The Envy Issue

“Charity rejoices in our neighbor’s good, while envy grieves over it.” —St. Thomas Aquinas, honorary Bostonian

Of all the Seven Deadly Sins, Boston’s always had the weirdest relationship with envy. For centuries, good fortune in this city was a private and occasionally gloomy thing, to be brooded over inside Commonwealth Avenue mansions or Louisburg Square townhouses, behind heavy curtains kept drawn for the sake of decency. Correspondingly, envy was a thing perhaps felt by many, but voiced by few. There was an unspoken pact: I won’t shove it in your face, and you won’t hate me for it. If there was public envy, it was couched in moral terms and expressed from above, not below. We don’t hate you for your success; we hate you for thinking your success means anything. We feign concern for you when, by our accounting, you’ve gotten too big for your britches. We tut-tut. We recite ancient aphorisms. Sic transit gloria, and so forth.

Not anymore. At some point, as Boston went cosmopolitan, wealth become giddy. For those who possess it, good fortune, even as the financial markets go haywire, is no longer something to hide. Flashy cars, once only the province of unctuous Eurotrash BU students, are now everywhere. Countless glass-fronted (!) ultraluxury condo complexes are being erected all over town. Designer pets and the pampering thereof is all the rage. Battalions of staggeringly expensive baby carriages roll through the South End, past parking spaces that go for six figures.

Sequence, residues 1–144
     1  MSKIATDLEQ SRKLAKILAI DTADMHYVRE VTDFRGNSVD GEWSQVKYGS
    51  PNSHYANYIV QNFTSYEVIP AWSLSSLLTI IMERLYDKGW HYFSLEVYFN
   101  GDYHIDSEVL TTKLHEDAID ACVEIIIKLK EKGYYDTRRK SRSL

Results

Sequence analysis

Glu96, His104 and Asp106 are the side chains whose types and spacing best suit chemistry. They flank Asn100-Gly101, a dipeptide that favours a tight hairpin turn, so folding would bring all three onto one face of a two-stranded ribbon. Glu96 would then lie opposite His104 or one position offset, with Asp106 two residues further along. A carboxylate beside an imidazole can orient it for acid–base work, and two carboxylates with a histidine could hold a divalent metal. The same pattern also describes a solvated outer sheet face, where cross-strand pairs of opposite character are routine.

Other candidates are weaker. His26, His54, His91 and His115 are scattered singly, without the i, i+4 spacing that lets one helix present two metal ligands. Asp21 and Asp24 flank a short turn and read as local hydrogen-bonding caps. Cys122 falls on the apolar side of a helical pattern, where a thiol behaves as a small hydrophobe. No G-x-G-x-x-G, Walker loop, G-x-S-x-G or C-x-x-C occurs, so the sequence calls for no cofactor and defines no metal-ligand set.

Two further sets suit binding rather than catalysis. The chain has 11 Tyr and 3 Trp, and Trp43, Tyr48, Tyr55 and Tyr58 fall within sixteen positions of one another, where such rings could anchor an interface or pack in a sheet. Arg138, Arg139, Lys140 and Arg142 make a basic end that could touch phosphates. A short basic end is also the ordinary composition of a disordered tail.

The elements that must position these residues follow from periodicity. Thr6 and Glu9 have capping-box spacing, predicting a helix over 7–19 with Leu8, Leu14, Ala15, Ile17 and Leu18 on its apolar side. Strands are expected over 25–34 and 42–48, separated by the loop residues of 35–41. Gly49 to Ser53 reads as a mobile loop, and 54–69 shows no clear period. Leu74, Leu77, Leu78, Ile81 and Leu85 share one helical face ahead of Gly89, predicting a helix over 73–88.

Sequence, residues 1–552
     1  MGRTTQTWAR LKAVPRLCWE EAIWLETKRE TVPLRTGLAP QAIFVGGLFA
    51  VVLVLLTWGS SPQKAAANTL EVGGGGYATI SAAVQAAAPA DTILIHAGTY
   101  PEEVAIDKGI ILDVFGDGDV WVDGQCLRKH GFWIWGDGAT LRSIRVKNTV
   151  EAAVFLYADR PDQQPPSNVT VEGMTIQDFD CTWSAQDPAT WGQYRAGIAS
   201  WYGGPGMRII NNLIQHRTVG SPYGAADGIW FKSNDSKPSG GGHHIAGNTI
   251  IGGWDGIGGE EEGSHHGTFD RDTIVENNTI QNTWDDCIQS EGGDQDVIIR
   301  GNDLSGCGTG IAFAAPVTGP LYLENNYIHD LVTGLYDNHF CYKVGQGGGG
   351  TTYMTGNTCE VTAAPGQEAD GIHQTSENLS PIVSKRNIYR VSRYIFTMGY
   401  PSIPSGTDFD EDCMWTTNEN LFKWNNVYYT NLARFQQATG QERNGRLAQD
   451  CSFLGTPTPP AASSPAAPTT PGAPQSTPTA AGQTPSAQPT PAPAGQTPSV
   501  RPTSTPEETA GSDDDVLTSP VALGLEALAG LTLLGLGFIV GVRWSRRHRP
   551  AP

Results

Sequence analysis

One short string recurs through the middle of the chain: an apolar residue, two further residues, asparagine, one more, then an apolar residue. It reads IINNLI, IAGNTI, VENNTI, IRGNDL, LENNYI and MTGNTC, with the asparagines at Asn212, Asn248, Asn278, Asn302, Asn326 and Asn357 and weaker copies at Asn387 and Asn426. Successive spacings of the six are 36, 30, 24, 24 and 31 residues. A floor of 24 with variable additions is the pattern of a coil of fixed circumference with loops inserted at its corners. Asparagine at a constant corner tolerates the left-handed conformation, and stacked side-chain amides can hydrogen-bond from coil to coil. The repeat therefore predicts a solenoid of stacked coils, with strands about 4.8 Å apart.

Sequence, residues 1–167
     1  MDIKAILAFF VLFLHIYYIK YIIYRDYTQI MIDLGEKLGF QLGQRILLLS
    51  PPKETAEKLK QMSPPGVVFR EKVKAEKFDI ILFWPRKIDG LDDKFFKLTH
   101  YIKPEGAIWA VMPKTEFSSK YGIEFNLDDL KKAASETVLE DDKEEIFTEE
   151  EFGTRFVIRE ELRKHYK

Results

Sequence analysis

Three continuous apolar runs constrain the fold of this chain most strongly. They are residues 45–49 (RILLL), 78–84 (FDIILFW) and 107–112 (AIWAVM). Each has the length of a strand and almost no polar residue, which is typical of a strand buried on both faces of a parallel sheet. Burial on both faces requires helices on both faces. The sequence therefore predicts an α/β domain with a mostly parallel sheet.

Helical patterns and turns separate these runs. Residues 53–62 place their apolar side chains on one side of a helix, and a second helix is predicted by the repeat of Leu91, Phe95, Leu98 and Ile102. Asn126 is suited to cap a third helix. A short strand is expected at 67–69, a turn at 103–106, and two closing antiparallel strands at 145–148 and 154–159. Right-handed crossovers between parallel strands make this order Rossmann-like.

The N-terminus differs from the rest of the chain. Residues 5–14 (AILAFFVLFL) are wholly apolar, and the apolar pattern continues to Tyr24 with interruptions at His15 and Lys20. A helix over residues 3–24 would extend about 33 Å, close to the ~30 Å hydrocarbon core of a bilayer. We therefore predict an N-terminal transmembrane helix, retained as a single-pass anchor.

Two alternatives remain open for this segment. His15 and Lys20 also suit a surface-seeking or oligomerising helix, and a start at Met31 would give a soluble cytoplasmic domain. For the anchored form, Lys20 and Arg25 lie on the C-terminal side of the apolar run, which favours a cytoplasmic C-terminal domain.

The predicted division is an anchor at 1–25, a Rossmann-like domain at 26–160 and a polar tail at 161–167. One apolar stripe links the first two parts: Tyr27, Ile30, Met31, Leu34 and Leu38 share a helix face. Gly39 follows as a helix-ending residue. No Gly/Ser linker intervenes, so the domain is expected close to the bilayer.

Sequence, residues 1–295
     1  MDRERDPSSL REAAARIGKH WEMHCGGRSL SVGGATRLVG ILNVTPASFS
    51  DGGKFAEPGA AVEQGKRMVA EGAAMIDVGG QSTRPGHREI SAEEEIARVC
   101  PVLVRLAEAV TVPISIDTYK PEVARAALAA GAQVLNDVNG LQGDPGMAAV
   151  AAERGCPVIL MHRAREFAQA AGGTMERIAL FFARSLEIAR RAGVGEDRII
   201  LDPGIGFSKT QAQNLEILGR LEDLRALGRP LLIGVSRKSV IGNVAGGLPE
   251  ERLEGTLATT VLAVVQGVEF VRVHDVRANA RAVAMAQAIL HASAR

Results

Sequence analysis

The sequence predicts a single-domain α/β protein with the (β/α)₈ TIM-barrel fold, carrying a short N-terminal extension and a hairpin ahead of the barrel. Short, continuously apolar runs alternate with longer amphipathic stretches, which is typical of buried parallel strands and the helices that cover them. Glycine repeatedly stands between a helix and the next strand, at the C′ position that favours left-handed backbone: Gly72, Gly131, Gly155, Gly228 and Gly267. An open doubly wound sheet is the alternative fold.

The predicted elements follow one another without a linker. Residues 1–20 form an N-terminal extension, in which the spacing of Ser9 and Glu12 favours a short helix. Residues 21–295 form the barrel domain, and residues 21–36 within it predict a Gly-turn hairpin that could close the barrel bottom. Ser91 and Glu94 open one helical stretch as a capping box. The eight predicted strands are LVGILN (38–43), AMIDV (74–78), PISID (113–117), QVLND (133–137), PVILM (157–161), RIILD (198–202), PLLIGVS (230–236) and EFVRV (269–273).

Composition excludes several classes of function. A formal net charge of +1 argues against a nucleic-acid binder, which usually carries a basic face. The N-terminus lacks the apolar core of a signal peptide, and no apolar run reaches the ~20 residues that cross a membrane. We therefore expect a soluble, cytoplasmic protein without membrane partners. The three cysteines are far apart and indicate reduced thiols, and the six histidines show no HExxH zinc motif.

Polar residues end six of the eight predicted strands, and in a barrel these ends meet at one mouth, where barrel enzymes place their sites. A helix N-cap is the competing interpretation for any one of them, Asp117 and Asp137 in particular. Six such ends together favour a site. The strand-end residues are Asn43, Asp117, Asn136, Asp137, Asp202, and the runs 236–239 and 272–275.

Predictably, this explosion of public gluttony (some may say “prosperity”) has triggered a vigorous round of public envy, fueled by the intense insecurity Bostonians have always attempted to conceal, or at least sublimate by going to a Bruins game and screaming, “Yankees suck!” for 45 minutes. With so much of the stuff going around, it’s gotten hard to separate the envier from the envied. They feed off each other. You accumulate status symbols as a response to the discomfort of being made to envy someone else’s. You look to lessen your envy pangs by inspiring them in someone else. The cycle rolls on.

As long as that’s the governing dynamic, we say: If you’re going to play the status game, or even just watch it, it helps to understand the new rules that govern it, and at whom to direct your most potent jealous longings. Over the course of these special pages, we spell out both. If nothing else, the next time you find yourself asking, “Why not me?” you’ll know the answer—and how you might do something about it. —Joe Keohane



Jealous Much? No matter how sprawling your summer home, how shiny your medals, how gracefully curvilinear your jawline, there are always bigger, shinier, curvier assets to covet. Namely, the types of nonpareils that have elevated the following Bostonians to our list of the most envied people in town. To them, we must say thanks: But for their maddening example, we might have remained obliviously trapped in prisons of complacent self-worth, and never clamored for more.